Employees have been reclassified. Now it’s time to train.

You’ve done your due diligence in response to the final Fair Labor Standards Act regulations that raise the weekly salary employees must earn to $684 a week (up from $455) to be considered exempt from overtime pay. That means some formerly exempt employees may now be reclassified as nonexempt if they earn between $455 and $684 per week.

Now comes the hard part: training managers in the FLSA’s finer points.

Time tracking

When they were exempt, these employees weren’t required to keep track of their working time. That’s no longer the case. Managers must be trained—and they, in turn, must train employees—to complete timesheets every week.

Sounds easier than it is: Under the best of circumstances, it’s usually difficult to get employees to submit their timesheets to you on time. Managers may meet more resistance if employees’ morale dips due to the reclassification.

Working time

Likewise, when they were exempt, these employees probably just worked to get the job done without much thought about the time it took. You appreciated that. But that’s also no longer the case, either.

Managers will need training to control employees’ excess work hours. That may entail redistributing work or increasing staffing levels so overtime hours are unnecessary.

Managers also need to be on the lookout for these FLSA overtime traps:

  • Travel time: The time employees spend traveling among work sites during the day is compensable working time. Also compensable: The morning trip from the office to the first worksite of the day and the afternoon trip back to the office from the last worksite of the day. Not compensable: employees’ regular commuting time. Idea: If you eliminate the trips to the office, so employees go directly to the first work site and directly home from the last worksite, the FLSA considers them to be commuting.
  • Meal/rest breaks: Many state laws require you to provide nonexempts with meal and rest breaks. Under the FLSA, meal breaks of at least 30 minutes, during which employees don’t work, aren’t compensable. Rest breaks are compensable under the FLSA.
  • Off-the-clock work: The biggest trap here is employees who take work home with them or who answer emails, texts or work on other electronic devices after hours. They can’t do that anymore: Managers must train these employees to ask permission to work overtime. Be careful: If you discover employees have worked unauthorized overtime, pay them their overtime and then have their managers dole out discipline for doing so.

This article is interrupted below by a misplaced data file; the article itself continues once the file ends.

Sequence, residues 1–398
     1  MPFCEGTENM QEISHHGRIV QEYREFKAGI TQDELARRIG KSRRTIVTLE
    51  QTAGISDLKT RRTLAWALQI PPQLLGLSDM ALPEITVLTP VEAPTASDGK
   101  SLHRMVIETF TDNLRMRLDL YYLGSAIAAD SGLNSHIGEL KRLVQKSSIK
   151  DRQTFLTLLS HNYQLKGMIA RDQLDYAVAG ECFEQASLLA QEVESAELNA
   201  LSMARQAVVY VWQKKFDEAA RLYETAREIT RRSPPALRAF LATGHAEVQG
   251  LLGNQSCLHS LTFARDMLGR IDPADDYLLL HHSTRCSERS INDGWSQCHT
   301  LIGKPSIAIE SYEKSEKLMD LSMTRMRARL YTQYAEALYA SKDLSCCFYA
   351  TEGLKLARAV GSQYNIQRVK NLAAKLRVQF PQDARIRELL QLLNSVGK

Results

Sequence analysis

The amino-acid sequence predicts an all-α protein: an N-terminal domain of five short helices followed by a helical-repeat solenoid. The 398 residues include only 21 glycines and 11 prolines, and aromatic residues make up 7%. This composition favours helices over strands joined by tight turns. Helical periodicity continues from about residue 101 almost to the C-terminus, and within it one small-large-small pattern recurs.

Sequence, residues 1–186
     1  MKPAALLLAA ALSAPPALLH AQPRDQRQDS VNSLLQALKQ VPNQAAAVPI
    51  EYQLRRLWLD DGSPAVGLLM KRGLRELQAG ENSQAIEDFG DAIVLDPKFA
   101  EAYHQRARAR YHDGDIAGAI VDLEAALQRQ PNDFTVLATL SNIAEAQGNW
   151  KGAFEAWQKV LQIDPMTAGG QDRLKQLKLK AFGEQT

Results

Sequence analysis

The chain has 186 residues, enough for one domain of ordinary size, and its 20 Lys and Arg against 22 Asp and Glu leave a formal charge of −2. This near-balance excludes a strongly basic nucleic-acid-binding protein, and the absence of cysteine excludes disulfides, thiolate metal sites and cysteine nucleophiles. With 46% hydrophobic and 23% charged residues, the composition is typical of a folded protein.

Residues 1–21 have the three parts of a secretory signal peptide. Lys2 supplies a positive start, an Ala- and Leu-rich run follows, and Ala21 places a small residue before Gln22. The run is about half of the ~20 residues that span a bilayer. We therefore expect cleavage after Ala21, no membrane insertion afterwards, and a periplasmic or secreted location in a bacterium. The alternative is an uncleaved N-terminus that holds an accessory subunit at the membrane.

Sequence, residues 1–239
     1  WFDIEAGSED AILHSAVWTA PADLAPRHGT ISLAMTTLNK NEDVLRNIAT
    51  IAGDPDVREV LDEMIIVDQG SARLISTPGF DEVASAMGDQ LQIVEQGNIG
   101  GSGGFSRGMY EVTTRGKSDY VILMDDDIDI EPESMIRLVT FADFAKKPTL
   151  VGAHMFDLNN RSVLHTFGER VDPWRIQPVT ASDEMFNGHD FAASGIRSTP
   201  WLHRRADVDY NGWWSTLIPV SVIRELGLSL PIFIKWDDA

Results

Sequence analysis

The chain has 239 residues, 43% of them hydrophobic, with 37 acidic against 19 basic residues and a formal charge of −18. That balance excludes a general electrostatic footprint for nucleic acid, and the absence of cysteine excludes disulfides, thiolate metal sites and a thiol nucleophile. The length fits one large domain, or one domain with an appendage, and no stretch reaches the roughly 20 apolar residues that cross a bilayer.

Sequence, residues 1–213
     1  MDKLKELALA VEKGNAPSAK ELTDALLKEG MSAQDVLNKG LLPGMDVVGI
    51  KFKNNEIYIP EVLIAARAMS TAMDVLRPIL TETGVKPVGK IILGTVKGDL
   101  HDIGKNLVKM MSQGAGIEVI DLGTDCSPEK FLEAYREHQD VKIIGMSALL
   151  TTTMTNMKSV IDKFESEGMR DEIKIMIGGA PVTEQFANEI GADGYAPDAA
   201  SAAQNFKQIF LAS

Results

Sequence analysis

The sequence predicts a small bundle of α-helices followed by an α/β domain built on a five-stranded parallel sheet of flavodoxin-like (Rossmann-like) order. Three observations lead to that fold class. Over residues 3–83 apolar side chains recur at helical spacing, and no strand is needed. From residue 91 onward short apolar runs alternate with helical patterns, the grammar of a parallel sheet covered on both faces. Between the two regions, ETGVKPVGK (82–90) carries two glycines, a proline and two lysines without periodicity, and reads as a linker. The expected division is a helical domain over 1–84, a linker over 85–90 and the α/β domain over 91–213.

Bonus time

Paying bonuses to these employees just got a lot trickier for you, too.

FLSA rule: Nondiscretionary bonuses (e.g., merit or team-based bonuses) must be included in employees’ regular rates when you figure their overtime rates. If bonuses are for the current week, add them to their other weekly earnings.

Watch out: Bonuses spanning more than one workweek must be allocated over the weeks during which they were earned.

Result: Employees’ regular rates for those weeks must be recalculated and additional overtime will be due.

Exception: If you base bonuses on a percentage of employees’ total straight-time pay and overtime pay, instead of a specific dollar amount, you don’t have to recalculate anything. By the same token, discretionary bonuses may be excluded from the regular rate calculation. Bonuses are discretionary if you retain absolute control over whether they’ll be paid at all and over the amount of the payment, until quite close to the end of the bonus period, and you don’t make any promises beforehand to pay bonuses.

Rule would allow bonuses for fluctuating workweek employees

The U.S. Department of Labor has proposed a new rule that would encourage employers to offer bonuses or other incentive-based pay to nonexempt workers who receive salaries under the fluctuating workweek method of compensation.

The proposed rule would revise the regulation for computing overtime compensation for salaried, non-exempt employees who work hours that vary each week (i.e., a fluctuating workweek) under the Fair Labor Standards Act.

The fluctuating workweek method of compensation is complicated. It is most commonly used when employees work a variety of hours from week to week—perhaps 50 one week, 25 the next and 40 the week after that.

The FLSA regulations permit employers to pay nonexempt employees a fixed salary for such fluctuating workweeks and to compensate them for their overtime hours on a half-time basis. Under this method of compensation, an employee is paid a fixed salary covering whatever number of hours the job demands in a given week. With straight time already compensated in the salary, only one-half of the regular hourly rate must be paid for overtime.

The difficulty has always been determining the regular hourly rate of pay, a task complicated by variable pay such as bonuses.

The proposed rule clarifies that bonus and premium payments on top of fixed salaries are compatible with the fluctuating workweek method of compensation, and that supplemental payments must be included when calculating the regular rate of pay as appropriate under the FLSA.

Online resource Find a link to the proposed rule at federalregister.gov/d/2019-23860.